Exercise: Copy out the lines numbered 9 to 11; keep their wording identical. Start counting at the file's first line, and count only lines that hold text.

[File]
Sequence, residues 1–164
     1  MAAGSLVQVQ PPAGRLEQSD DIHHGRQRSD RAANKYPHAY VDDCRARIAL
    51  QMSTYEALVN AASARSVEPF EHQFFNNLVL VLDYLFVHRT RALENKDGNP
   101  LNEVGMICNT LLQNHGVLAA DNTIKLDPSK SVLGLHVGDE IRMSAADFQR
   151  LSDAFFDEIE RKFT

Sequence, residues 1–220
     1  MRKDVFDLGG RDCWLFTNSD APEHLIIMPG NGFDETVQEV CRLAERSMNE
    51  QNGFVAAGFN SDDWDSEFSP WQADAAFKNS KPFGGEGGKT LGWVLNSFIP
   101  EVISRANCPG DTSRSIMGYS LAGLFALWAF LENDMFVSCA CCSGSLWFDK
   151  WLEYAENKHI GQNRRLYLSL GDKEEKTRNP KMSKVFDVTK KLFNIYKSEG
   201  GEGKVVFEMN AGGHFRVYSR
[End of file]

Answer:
   101  EVISRANCPG DTSRSIMGYS LAGLFALWAF LENDMFVSCA CCSGSLWFDK
   151  WLEYAENKHI GQNRRLYLSL GDKEEKTRNP KMSKVFDVTK KLFNIYKSEG
   201  GEGKVVFEMN AGGHFRVYSR